Delhi government to challenge HC order allowing schools to hike fees without permission

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Updated: March 18, 2019 6:28:28 PM

As many as 325 private schools in the city, including some well-known ones, are built on government land.

Delhi government, Seventh Central Pay Commission, hike school fees, interim hike in fees, delhi high court, Directorate of EducationThe court went on to add that the interim hike, as a temporary measure, did not infract the fundamental rights, either of the institution, or of those to whom it imparted education and therefore, it “was perfectly in order”. (IE)

Delhi government has decided to challenge the High Court order setting aside a rule which barred private schools built on public land to hike fees without seeking prior permission, a senior official said Monday. The Delhi High Court had last week allowed private unaided schools in the city to go ahead with an interim hike in fees to implement the recommendations of the Seventh Central Pay Commission on salaries of teachers and other employees.

“This condition (permission for hike in fees) was part of the agreement that the government had made with such schools at the time of allotting land. Also, if they get a free hand to arbitrarily hike fees ultimately parents will suffer, which we are not in favour of. So we will challenge the order,” a senior official of the Directorate of Education (DoE) said.

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As many as 325 private schools in the city, including some well-known ones, are built on government land. The High Court observed that “so long as the fees charged by the concerned educational institution(s) did not amount to ‘commercialisation of education’, thus understood, the Constitution clearly advocates a ‘hands off’ approach by the government, insofar as the establishment and administration of the institution, including the fixation of fees by it, was concerned. This would also immunise the institution from the requirement of being called upon to explain its receipts and expenses, as before a chartered accountant”.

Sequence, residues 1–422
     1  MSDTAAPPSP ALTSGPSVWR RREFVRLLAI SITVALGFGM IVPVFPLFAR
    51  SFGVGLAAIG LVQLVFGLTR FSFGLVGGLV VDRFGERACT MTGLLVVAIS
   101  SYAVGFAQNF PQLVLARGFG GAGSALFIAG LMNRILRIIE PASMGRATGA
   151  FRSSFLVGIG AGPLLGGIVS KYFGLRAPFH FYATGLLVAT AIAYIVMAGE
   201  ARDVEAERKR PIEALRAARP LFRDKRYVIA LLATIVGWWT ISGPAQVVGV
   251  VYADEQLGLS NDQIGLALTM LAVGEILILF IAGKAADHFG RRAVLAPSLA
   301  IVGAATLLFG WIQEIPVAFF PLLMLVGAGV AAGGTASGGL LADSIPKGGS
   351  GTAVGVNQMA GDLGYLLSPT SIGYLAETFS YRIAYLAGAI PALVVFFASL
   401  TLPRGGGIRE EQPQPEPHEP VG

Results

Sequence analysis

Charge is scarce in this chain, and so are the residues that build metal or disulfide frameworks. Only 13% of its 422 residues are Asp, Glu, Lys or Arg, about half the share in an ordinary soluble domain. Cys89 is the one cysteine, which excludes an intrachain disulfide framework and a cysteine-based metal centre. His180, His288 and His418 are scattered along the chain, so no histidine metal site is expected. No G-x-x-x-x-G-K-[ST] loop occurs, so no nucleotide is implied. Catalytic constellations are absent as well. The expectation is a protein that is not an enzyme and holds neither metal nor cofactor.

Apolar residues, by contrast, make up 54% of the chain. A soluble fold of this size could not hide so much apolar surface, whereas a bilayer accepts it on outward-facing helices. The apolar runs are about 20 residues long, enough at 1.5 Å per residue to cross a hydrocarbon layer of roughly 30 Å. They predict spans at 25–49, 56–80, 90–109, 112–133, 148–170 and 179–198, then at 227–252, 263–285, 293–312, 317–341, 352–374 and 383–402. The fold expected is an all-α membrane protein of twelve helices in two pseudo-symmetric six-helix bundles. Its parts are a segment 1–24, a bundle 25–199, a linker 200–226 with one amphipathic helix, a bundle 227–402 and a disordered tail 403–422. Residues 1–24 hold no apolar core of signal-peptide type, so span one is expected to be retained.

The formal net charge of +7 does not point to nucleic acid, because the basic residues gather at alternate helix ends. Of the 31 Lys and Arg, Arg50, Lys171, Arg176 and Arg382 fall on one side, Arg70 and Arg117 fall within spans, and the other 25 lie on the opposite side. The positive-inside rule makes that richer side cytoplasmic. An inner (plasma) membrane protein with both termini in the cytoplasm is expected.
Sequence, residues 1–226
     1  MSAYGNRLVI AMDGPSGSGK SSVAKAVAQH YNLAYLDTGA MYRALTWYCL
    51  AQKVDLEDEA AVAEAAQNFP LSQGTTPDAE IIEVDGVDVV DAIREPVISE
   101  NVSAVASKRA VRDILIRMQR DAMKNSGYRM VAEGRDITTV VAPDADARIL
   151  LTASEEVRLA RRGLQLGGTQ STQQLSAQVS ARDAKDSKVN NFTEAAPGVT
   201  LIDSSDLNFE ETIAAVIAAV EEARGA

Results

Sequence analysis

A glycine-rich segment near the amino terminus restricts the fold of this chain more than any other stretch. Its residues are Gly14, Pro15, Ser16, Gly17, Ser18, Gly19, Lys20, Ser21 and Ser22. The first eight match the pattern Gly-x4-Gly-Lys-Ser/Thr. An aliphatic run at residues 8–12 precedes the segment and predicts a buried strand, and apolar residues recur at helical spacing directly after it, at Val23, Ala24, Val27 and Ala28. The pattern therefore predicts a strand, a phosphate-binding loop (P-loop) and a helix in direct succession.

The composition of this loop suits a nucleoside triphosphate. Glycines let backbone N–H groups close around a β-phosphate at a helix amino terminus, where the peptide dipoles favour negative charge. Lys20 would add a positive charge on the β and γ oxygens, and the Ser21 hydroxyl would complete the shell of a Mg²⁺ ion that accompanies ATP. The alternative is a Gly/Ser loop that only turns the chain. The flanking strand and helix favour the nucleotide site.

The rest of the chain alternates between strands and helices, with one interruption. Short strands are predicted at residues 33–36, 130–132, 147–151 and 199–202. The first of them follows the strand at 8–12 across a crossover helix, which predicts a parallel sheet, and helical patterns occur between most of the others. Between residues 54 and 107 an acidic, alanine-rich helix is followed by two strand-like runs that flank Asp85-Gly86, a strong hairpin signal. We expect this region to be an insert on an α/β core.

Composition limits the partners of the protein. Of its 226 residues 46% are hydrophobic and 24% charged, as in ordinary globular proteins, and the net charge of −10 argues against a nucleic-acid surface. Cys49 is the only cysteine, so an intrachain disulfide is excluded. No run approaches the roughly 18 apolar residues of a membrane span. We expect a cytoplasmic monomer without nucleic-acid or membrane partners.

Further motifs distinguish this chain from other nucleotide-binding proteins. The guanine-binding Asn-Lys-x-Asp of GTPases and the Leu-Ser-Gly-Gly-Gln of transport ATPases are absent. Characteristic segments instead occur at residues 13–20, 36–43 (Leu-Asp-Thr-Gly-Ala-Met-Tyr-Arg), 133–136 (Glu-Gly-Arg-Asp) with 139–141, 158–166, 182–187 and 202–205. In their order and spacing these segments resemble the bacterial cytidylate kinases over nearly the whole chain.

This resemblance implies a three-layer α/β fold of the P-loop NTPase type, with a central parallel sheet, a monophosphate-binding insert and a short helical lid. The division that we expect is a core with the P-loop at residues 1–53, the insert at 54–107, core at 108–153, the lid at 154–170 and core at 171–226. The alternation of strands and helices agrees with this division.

The court went on to add that the interim hike, as a temporary measure, did not infract the fundamental rights, either of the institution, or of those to whom it imparted education and therefore, it “was perfectly in order”.

The DoE had in 2017 allowed the schools to go ahead with an “interim fee hike” up to 15 per cent in line with the seventh pay commission’s recommendations provided they get their financial accounts audited by the government in a fixed period of time. The order was withdrawn by the AAP government last year, saying that the schools would have to obtain prior permission from it before increasing their fees and any hike would be permitted only after an audit of the schools’ accounts.

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